Tuesday, September 20, 2011
African American Writers & Classical Tradition, Winner of the American Book Award 2011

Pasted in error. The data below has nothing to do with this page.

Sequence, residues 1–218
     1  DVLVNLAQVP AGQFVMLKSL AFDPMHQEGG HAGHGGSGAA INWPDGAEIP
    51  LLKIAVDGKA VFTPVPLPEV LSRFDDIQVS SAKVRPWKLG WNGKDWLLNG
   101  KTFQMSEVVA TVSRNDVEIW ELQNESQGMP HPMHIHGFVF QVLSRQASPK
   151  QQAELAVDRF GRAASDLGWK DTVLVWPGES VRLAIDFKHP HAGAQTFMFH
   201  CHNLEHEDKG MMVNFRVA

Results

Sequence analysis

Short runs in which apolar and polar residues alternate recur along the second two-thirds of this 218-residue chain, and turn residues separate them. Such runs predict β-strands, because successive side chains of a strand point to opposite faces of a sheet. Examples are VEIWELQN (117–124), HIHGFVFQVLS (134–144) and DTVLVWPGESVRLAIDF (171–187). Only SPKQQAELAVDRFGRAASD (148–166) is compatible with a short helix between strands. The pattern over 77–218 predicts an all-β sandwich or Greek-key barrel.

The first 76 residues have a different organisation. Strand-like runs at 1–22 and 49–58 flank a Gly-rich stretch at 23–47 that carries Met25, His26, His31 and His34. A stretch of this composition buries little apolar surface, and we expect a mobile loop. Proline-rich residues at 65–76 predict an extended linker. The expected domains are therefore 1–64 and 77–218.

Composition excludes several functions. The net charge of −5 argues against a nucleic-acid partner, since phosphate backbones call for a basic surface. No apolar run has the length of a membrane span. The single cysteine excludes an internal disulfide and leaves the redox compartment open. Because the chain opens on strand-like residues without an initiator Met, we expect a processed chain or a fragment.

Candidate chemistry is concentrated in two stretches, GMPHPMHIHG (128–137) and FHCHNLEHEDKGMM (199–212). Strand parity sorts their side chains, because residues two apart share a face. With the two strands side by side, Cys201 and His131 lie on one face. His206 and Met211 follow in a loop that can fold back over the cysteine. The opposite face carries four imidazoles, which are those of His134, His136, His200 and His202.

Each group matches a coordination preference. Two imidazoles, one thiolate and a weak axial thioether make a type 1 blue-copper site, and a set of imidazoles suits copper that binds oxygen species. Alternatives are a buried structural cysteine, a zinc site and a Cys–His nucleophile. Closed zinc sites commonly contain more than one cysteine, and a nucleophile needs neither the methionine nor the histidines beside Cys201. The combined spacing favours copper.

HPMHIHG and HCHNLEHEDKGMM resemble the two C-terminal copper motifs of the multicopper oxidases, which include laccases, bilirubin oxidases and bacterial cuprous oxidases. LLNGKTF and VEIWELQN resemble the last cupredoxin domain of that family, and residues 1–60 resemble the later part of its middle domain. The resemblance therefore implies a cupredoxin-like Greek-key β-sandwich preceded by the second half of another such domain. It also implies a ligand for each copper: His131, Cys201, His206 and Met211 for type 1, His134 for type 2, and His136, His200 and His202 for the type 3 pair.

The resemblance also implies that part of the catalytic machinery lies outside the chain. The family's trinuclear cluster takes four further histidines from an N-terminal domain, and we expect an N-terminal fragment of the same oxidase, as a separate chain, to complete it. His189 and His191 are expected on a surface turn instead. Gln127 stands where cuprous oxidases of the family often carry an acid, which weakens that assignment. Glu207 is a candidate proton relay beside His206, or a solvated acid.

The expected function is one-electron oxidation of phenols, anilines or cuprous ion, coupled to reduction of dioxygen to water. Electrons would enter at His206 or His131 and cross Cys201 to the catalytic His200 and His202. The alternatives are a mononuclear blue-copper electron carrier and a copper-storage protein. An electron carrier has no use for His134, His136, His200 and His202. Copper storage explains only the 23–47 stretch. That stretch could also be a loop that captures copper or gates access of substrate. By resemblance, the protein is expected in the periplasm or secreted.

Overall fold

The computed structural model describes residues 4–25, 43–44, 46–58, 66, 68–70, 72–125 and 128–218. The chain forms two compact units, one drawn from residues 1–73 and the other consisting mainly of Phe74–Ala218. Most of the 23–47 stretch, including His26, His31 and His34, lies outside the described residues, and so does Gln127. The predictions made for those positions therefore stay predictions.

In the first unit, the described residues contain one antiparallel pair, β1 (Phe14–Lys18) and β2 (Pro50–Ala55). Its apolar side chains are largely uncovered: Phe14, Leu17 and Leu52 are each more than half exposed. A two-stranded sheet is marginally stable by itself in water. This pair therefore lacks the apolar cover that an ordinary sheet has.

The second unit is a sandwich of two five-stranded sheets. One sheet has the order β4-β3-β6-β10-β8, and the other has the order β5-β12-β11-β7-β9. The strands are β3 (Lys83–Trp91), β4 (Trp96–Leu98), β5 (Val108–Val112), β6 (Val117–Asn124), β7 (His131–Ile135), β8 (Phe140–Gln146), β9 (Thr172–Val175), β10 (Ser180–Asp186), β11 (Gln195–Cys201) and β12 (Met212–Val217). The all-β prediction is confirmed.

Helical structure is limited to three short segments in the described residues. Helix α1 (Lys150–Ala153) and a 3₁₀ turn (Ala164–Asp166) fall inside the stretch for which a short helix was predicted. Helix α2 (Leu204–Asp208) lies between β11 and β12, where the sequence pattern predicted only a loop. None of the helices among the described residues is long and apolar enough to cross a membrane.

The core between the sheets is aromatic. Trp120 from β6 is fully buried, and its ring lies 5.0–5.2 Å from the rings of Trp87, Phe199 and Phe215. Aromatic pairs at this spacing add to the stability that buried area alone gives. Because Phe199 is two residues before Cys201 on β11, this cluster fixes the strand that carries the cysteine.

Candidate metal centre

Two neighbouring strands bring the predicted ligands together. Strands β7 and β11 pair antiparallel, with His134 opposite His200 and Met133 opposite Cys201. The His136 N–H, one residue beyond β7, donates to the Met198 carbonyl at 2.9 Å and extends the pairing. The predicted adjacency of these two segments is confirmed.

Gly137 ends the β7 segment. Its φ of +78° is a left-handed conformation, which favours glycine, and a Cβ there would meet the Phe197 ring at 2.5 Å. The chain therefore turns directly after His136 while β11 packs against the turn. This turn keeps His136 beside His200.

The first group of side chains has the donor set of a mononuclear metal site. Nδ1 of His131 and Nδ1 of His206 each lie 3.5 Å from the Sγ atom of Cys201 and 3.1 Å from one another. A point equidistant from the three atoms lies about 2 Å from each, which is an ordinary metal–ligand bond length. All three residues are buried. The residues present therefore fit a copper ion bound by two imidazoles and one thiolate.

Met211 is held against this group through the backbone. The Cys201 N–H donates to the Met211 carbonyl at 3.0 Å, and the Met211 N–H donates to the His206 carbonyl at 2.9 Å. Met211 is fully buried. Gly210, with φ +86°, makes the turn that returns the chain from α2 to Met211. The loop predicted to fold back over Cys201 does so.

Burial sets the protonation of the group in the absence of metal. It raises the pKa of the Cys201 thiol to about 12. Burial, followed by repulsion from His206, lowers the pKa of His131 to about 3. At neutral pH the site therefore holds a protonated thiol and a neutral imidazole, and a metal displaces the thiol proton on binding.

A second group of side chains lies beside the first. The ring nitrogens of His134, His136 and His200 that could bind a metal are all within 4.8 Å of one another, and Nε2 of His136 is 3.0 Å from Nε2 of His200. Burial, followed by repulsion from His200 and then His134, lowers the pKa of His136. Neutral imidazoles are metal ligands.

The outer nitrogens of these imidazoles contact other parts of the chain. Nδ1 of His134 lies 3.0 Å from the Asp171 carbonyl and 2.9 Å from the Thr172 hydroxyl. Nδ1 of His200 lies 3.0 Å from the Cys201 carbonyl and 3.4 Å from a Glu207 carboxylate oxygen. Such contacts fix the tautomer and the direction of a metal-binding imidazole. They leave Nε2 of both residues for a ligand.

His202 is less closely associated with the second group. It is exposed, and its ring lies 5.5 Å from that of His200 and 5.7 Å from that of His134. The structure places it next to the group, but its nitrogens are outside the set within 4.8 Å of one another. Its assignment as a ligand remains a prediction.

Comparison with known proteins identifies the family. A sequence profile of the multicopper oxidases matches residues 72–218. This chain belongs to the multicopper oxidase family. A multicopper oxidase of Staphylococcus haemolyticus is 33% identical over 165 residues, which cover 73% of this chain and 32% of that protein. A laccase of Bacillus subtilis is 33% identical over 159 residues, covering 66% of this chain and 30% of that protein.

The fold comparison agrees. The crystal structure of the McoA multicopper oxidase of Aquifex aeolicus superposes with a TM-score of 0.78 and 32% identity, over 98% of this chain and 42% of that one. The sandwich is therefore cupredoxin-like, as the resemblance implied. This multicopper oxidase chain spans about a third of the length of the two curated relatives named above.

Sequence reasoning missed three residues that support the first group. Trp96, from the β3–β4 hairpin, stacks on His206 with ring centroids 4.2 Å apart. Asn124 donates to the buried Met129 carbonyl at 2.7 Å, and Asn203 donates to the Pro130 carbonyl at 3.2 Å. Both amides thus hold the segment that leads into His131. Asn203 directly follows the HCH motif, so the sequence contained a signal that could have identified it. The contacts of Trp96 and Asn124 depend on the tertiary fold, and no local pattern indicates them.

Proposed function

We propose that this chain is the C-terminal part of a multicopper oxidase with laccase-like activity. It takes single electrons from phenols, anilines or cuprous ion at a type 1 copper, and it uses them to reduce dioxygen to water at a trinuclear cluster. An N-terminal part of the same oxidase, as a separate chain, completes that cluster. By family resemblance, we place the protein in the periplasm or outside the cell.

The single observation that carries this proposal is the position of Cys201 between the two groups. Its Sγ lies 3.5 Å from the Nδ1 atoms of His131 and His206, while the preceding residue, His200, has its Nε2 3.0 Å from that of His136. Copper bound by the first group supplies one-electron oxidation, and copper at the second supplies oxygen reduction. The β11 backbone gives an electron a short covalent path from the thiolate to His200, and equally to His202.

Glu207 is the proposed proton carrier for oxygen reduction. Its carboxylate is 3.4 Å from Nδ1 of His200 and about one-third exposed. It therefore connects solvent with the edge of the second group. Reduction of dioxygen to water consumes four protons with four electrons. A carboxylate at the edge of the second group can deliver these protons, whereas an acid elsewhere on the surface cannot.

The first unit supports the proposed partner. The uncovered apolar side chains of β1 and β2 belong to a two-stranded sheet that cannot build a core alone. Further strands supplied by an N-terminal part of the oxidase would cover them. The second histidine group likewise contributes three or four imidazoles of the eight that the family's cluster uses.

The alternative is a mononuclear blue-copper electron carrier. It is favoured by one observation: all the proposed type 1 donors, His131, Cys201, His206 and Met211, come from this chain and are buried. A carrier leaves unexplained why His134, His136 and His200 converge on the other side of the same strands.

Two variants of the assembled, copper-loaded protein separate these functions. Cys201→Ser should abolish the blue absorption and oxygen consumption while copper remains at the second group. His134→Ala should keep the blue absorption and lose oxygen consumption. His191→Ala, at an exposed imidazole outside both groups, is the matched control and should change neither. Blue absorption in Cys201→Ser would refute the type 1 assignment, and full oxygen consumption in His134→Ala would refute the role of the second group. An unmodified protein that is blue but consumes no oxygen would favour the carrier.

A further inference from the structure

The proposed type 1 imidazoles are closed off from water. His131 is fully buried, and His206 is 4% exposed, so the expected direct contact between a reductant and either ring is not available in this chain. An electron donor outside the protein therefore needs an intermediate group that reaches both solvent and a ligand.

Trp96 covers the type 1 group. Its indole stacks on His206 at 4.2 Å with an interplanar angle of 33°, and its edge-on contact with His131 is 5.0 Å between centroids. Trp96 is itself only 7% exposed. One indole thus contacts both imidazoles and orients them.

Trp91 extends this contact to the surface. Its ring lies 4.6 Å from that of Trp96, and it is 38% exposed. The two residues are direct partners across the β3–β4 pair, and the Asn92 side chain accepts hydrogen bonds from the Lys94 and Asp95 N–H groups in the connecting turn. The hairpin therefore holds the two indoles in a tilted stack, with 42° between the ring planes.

African American Writers & Classical Tradition is the most exciting work of of literary criticism to emerge in decades. Indeed, it lays the groundwork for an entirely new field of study. Rarely can it be said that the reading of literary criticism is a joyful process, yet with this book, William W. Cook and James Tatum (pictured above, right to left), have produced just that. Written with great humor, at times tremendous passion, the reader is swept into the excitement of surprise and new discovery, following the adventure unearthed in the vast resources of classical Latin and ancient Greek literature employed by African American poets, novelists, and political thinkers. Once familiar, canonized figures, such as Frederick Douglass, W.E.B. DuBois, and Ralph Ellison, are illuminated in fresh, often startling ways. Neglected masters, Melvin B. Tolson, and George S. Schulyer, are revived, given new life, and shown to have vital relevance to today’s times, cutting to the very core of the most contentious and controversial issues in America. Relatively obscure artists, such as Fran Ross, author of Oreo, are given their proper place alongside the aforementioned giants, and the greatness of poet Rita Dove is affirmed in the brilliant concluding chapter. There is a tremendous sense of momentum in the pages of this book, a momentum propelled by the lifelong friendship of its authors, Cook & Tatum. Their shared wisdom, wit, and delight in the task of bringing this complex and subtle story to us, one so uniquely American, is felt throughout the work. African American Writers & Classical Tradition, presents a new, and much needed, image of American literature, indeed, of American history. One that is vivid, compelling, and crackling with the electricity of folklore and mythology rooted to ancient sources, in both Africa and Europe, giving light to the present moment, our times.